Nov. 21, 2013 - A new research report by Environment Ohio, a nonprofit environmental advocacy group, says Ohio’s renewable energy laws are working by fine-tuning energy consumption and savings for consumers.
Between January 2009 when the state’s renewable energy law kicked in and December 2012, the state has cut five million megawatt-hours of cumulative energy consumption - more than enough electricity to power Cincinnati, Cleveland and Dayton for a year, the report said.
It has reduced peak electricity demand by 1,583 megawatts – the equivalent capacity of Ohio’s sixth-largest power plant. Also, 313 megawatts of wind power and 25 megawatts of solar energy were added statewide in 2012, which could produce more power than Dayton households use in a year. read more>>>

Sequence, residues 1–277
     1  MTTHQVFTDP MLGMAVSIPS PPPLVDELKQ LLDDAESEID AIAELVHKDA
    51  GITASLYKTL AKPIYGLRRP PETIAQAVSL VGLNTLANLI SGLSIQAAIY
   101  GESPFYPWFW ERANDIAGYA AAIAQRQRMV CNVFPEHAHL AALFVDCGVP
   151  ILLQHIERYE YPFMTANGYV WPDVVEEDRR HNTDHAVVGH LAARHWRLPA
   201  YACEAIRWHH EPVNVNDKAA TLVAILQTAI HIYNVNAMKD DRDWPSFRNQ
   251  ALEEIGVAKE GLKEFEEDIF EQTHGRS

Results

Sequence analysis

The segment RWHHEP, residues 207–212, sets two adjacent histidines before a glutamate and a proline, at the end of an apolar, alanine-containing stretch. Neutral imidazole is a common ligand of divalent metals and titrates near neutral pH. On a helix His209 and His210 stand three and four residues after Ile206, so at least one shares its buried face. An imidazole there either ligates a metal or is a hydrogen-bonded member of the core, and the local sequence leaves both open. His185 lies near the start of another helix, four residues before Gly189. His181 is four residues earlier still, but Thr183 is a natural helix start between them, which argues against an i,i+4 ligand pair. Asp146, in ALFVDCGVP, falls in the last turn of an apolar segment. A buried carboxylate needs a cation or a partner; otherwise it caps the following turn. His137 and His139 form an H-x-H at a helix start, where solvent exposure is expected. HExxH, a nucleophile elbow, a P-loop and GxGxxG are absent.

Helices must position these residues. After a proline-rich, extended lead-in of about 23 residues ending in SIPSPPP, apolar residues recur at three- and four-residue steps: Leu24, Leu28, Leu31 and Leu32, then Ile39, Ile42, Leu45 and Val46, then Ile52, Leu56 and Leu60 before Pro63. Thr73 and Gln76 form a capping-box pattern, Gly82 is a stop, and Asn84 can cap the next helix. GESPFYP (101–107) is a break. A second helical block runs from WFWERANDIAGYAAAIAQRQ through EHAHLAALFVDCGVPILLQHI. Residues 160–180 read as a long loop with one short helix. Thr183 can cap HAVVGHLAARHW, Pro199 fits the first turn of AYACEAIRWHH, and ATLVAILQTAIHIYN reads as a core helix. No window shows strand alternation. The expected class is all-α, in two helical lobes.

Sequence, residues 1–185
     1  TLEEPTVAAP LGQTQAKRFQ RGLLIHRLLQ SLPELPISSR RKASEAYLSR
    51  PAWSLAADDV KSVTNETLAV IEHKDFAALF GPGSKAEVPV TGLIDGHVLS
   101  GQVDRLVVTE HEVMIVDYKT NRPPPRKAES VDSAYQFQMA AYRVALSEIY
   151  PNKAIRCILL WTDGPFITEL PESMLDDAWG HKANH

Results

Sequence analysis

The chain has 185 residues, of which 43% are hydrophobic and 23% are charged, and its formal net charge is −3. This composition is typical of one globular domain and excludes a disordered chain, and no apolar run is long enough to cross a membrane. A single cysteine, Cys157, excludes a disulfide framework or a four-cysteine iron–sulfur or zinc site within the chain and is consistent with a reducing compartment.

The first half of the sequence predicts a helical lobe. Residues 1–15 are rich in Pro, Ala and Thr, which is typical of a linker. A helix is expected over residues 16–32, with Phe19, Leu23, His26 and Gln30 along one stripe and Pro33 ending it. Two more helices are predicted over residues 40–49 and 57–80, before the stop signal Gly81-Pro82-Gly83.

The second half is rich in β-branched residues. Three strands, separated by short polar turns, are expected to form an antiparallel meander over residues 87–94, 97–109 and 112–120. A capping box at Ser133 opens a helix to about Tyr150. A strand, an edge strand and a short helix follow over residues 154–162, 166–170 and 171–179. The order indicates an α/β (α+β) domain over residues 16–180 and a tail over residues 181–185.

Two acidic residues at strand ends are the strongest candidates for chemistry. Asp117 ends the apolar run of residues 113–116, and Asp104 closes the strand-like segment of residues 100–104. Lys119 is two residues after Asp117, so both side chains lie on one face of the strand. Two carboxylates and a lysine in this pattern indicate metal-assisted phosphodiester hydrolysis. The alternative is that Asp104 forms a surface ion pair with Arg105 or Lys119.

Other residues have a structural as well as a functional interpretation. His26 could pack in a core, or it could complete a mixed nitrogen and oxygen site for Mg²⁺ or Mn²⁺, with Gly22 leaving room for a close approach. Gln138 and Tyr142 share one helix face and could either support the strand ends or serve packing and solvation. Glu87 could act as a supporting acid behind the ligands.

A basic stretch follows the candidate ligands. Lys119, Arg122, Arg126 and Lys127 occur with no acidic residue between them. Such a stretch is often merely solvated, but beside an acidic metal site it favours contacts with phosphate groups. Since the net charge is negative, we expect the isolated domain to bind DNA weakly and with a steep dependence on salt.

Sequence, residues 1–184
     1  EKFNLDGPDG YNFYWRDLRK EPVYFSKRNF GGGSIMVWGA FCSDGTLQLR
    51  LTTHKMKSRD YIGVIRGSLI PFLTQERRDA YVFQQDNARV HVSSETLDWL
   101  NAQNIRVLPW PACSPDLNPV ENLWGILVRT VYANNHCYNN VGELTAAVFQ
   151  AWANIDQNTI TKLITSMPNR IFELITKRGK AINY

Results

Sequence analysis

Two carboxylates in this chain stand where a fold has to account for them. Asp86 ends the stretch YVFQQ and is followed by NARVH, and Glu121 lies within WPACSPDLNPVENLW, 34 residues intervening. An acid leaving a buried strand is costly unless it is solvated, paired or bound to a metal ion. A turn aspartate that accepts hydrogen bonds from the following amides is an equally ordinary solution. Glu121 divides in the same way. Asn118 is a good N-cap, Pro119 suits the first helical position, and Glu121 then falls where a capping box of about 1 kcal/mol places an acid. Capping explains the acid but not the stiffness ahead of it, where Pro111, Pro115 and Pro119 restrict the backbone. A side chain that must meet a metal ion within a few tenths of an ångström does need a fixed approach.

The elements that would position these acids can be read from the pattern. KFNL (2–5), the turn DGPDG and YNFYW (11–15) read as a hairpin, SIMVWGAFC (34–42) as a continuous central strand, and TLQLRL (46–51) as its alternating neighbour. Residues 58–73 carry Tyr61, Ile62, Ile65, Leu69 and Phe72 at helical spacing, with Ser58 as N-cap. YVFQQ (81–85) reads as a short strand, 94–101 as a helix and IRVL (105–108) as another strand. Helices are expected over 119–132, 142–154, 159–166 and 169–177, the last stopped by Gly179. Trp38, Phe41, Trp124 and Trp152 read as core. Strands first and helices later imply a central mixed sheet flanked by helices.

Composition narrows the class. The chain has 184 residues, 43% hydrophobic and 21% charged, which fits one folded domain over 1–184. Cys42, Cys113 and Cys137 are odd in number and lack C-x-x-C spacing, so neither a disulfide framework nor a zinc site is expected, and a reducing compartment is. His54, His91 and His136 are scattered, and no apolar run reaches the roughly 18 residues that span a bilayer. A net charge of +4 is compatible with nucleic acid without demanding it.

Nov 22, 2013, - Passage of a bill that would alter Ohio’s renewable energy standards could result in an alternative energy company backing away from plans to spend hundreds of millions of dollars on wind-farm construction on the western side of the state.
As proposed, Senate Bill 58 would replace the requirement that a portion of renewable energy generated in Ohio come from in-state sources such as wind farms and solar installations. It is one of numerous changes to Ohio’s renewable energy and energy efficiency standards proposed by Sen. Bill Seitz, R-Cincinnati. read more>>>